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Solar System Motion

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Figure 19 Explained

...Over time an interpretation developed as to the motion of light within the solar system. The solar system including the sun, planets, moons and asteroids, is in motion with a velocity 'v' according to this analysis. Thus, if light were to travel a path of distance d from one point to another and back again as in Figure 19, it would take a total travel time for light traveling parallel to the motion of the earth of the time the light took in the forward path and the time the light took on the return path. So one uses the distance equals rate times time relationship from elementary mathematics (D=rt), to determine forwards and backwards travel times over a path d.

However, the light in the direction of motion of the solar system appears to be slowed by the velocity of the motion of the solar system 'v.' Since an observer witnesses a light speed that is slowed by the Galilean Transformations one knows that an observer determines a light speed of (c-v). Similarly, on the return journey the light appears to be going faster than it is since the solar system is approaching the light ray. Thus, by the Galilean Transformations Equations one can write that the perceived speed of light for an approaching light ray is (c+v)...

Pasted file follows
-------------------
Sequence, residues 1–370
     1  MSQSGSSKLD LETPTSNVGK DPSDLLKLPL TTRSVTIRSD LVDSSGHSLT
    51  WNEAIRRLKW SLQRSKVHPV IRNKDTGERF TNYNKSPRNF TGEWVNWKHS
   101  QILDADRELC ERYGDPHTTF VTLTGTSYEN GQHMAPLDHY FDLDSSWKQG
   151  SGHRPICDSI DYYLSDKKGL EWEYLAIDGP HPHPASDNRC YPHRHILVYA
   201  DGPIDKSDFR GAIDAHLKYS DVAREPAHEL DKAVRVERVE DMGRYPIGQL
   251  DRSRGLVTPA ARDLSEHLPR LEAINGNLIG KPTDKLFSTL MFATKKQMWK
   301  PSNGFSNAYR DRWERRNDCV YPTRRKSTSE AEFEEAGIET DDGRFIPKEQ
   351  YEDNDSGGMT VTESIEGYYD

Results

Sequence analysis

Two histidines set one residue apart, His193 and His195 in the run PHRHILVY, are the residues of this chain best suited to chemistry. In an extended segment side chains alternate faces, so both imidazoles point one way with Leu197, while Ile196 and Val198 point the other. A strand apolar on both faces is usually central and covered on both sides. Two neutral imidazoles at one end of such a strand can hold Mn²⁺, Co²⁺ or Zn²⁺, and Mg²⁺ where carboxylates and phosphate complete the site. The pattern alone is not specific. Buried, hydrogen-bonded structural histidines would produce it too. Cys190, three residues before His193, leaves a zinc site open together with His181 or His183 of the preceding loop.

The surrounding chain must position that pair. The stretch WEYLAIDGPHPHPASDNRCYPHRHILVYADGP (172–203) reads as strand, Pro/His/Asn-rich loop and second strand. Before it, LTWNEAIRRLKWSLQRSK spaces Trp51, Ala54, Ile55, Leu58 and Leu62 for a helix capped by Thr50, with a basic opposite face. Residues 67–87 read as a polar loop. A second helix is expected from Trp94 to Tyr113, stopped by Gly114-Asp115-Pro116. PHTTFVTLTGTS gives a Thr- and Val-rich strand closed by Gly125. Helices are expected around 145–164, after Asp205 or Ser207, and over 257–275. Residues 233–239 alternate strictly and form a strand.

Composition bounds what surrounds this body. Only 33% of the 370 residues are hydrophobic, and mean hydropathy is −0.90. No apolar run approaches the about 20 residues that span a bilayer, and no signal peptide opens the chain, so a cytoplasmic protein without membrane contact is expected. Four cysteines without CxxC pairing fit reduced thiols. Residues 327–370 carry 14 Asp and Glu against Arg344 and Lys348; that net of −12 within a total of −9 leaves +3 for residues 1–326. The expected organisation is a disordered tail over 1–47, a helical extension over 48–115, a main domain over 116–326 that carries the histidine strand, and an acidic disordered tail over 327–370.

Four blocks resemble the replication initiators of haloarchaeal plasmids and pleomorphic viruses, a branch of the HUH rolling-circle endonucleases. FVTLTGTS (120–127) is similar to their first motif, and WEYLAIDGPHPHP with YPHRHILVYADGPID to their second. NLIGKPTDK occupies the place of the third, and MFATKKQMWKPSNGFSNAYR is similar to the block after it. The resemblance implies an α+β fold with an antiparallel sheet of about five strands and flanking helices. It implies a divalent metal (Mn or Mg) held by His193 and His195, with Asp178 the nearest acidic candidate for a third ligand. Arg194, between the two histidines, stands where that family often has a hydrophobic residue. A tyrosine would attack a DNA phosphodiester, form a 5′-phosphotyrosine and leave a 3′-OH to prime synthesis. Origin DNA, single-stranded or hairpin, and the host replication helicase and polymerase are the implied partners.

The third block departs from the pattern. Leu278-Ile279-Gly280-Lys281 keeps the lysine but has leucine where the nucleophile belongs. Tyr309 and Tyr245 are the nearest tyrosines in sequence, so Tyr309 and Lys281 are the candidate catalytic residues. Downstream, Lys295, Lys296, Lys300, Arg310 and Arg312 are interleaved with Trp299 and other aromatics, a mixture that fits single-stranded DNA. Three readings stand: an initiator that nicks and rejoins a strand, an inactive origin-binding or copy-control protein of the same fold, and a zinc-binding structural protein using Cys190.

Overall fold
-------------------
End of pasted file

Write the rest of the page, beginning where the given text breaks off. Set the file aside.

Another piece of the puzzle would be found in the year 1892 when Dutch physicist Hendrik Antoon Lorentz (1853-1928) defended the theory of the stationary ether by proposing a radical concept. Recall that the stationary ether requires an ether wind and that the Michelson-Morely experiment had failed to detect it. Thus, a mechanism had to be found to repair this glaring inconsistency between theory and experimental observation. It was Lorentz who seized and expanded upon an extraordinary hypothesis proposed by Irish physicist George Fitzgerald. He suggested that the troubling inconsistency of the Michelson-Morely experiment could be explained by the idea that movement causes contraction of space in the direction of motion.

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